The Sword Of Angels (Gollancz S.F.)

The Sword Of Angels (Gollancz S.F.) by John Marco

Book: The Sword Of Angels (Gollancz S.F.) by John Marco Read Free Book Online
Authors: John Marco
Tags: Fantasy
White-Eye distracted herself. She had not expected the invitation. She had thought – hoped, in fact – that her fellow Inhumans had given up asking her. She pretended to toy with the spinning wheel Minikin had given her, though she still did not know how to use it and hadn’t really tried. It was work to keep her mind busy, after all, and distract her from her loss. She shrugged as she sat on the stool, pretending to move the wheel with her hand.
    ‘I am just learning this, Monster,’ she replied. ‘Tomorrow perhaps.’
    The man called Monster inched a bit closer. White-Eye heard his shuffling feet on the stone of her chamber. She was completely blind now, and without her Akari could not see his chiseled face, a face she had always found comforting and oddly handsome. Monster, who was hunch-backed, had served her for years. His forwardness surprised her.
    ‘My lady, I should reconsider if I were you. You have not been down to see any of us in weeks. You are missed.’
    White-Eye frowned. It was the same thing Minikin had been telling her. Since her blinding, she had spent precious little time out of her chambers, taking her meals alone and speaking to no one. Losing her Akari had not been what she expected. It had been far, far worse, and White-Eye had not recovered from the violence of it or been able to understand the crushing blankness of the truly blind. She had not been born with normal eyes. Instead, she had two milky, sightless orbs, but Faralok had showed her the world with his Akari magic, saving her from a life of walking into walls. Without him, blackness had enveloped her. Every sound, strange and familiar, made her fearful.
    ‘You should get downstairs, Monster, before all the food is gone or cold.’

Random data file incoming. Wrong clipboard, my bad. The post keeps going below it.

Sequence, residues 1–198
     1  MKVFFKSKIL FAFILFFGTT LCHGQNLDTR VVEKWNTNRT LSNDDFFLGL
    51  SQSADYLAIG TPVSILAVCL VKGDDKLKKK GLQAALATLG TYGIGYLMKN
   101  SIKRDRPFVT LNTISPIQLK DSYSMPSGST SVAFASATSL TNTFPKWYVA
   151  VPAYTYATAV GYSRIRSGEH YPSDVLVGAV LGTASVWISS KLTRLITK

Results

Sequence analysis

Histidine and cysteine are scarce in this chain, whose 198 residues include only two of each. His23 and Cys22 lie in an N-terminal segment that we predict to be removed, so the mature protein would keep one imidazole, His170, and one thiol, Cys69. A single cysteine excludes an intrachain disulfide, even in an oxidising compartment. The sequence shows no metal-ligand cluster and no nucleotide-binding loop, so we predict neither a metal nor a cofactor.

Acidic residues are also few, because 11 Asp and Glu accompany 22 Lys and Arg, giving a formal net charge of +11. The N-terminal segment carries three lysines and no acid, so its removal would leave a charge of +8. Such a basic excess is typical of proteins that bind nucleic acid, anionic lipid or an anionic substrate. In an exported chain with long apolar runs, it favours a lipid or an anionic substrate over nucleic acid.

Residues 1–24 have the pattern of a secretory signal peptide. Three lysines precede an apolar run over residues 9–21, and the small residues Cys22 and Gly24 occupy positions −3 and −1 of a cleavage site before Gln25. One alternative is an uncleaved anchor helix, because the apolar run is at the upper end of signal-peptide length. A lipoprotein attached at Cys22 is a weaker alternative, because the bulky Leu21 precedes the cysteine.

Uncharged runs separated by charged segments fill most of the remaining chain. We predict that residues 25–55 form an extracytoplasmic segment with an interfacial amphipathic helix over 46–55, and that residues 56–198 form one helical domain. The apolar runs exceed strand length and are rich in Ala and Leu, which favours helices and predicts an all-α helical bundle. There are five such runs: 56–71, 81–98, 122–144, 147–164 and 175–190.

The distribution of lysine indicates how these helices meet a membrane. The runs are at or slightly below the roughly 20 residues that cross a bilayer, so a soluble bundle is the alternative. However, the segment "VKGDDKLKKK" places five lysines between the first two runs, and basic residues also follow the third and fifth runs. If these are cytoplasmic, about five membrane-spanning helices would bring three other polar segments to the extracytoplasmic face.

She didn’t like refusing him, but there was no choice for her. She was a shut-in now, and too old to learn the ways of the blind. She would not have them all staring, pitying her.
    ‘Will you sup alone again, then?’ Monster probed. ‘It is not good to eat alone, my lady. My dear mother taught me that when I was just a child.’ She could hear him smile, and knew the anecdote was meant to coax her out. ‘Eating alone does strange things to the stomach, she would say. She didn’t want me to feel different from others, you see.’ Again he stepped closer, coming to stop in front of the spinning wheel. White-Eye could feel his kind eyes looking down at her. ‘It’s that way for you now, my lady. You need to be with the rest of us.’
    White-Eye felt terror knotting in her stomach. Why was he pushing her so? As kahana, she could order him away, but even that was too much for her. How could she possibly give orders now, so weak and useless she couldn’t even feed herself? She was no kahana, not any more.
    ‘I cannot, Monster,’ she said. She shook her head, trying to rid herself of the desperate feelings. ‘I am not ready.’
    Monster’s face came very close to her as he whispered, ‘We are all Inhumans, my lady. This is Grimhold. No one will judge you.’
    ‘They will,’ said White-Eye. ‘They will not mean to, but they will. I do not want them to see me like this, blind and weak.’
    ‘You are afraid, I know,’ said Monster gently, ‘but I am here, right here with you. And anyone who laughs will have to deal with me!’ He punched his thumb into his chest so that White-Eye could hear the thump. ‘Now, shall you walk or will I have to carry you? I can do it, you know. Not very fitting for a Jadori kahana.’
    He was only half-joking, and White-Eye didn’t laugh. Though horribly hunched from birth, Monster’s Akari had given him amazing strength. He could easily hoist her over his shoulder and carry her down to the dining chamber. Since Lukien had gone and Gilwyn after him, Monster seemed to have pronounced himself her protector. White-Eye, though, had trouble trusting him. He was, quite probably, just one more man who would leave her.
    ‘And what will you do when I stick a fork in my

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